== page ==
In Nepal, dogs are gods for today: All you need to know about ‘Tihar’
London — The five-day Nepalese Hindu festival of Tihar started this week and the second day is known as Kukur Tihar or “day of the dogs”. Dogs are celebrated and blessed with a Tika – a red mark applied to their forehead. The animals are also given flowers garlands and offered food as part of the festival.
Hindus believe that dog is the messenger of Yamaraj – the God of death – and by keeping the dogs in good humour they will be able to appease Yamaraj himself.
It is not just beloved pets who are involved in the celebrations. Stray dogs are honoured on the day too.
Tihar is also called Deepavali or the festival of lights. Throughout this festival, people in Nepal clean their houses and courtyards; light up lamps and pray to Laxmi – the Goddess of Wealth – urging her to visit their houses and bless them.
The five-day festival that begins today, known as Tihar honors Yama, the God of Death, meanwhile the worship of Laxmi, the Goddess of Wealth dominates the festivities.
On the first day Kaag Tihar, is the day of the crow, the informant of Yama is worshipped. The second day Kukur Tihar is for worshipping the dogs as the agents of Yama. On the third day is Gai Tihar and Laxmi Puja. On this day cow is offered prayers and food in the morning, and Goddess Laxmi is offered elaborate prayers and puja in the evening.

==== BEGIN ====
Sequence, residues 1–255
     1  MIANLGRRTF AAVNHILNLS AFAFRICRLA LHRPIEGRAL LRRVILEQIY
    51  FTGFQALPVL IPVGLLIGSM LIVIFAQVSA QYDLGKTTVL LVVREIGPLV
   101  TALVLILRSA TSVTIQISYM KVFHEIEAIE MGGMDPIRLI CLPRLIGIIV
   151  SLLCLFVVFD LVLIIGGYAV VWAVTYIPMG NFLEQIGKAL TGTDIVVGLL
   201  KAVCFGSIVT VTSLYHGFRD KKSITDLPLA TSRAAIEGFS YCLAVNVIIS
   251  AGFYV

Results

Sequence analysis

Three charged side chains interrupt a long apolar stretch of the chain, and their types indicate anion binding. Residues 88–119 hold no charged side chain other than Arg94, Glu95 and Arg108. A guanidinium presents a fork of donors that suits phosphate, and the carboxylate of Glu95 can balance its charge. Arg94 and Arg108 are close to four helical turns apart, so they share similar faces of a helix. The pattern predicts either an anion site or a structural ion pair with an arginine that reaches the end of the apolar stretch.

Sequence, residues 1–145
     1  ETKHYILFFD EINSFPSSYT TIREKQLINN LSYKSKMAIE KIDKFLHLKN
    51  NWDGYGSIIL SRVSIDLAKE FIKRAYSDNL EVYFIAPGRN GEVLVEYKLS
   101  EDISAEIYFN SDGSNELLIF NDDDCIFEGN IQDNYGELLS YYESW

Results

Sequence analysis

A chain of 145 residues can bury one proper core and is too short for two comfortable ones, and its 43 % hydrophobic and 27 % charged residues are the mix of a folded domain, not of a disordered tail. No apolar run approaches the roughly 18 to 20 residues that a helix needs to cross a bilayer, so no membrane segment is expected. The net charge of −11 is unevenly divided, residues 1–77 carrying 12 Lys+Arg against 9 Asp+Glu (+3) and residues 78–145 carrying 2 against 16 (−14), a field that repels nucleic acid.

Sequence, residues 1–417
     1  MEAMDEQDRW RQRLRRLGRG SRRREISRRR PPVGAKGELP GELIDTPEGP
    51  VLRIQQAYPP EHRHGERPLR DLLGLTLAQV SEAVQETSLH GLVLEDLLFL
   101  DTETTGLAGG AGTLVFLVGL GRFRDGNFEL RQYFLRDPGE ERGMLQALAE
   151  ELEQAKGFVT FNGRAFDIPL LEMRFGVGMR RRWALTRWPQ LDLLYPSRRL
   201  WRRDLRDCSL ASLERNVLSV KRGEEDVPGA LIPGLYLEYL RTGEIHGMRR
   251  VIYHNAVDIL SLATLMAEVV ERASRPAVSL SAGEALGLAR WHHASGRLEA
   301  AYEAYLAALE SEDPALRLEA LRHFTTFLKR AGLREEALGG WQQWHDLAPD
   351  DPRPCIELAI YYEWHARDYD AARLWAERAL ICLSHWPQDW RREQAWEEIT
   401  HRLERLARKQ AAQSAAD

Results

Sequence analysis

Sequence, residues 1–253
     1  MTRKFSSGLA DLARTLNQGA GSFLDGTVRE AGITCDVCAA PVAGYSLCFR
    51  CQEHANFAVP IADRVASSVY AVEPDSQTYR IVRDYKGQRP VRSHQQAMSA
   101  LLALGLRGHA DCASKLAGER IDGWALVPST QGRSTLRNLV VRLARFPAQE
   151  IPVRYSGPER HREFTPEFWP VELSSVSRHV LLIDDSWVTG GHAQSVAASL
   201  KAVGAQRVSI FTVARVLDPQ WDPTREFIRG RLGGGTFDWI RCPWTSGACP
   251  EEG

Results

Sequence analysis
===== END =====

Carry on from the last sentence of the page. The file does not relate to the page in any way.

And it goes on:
The fourth day is for the draught animal, oxen,when members of the Newar community perform Mha Puja dedicated to oneself. The fifth day is Bhai Tika when sisters put tika on their brothers’ foreheads and give blessings. This festival is noted for lighting up homes with candles, oil-wick lamps and electric lights.
Houses all over the country are lit up with extra lights and decorated with garlands. A great view can be had of the brightly lit-up Kathmandu city from the Swoyambhunath Stupa. The celebrations begin with the adoration of crows and dogs. Dishes of rice, incense and light are set out for the dark messenger, while dogs are worshipped and offered goodies.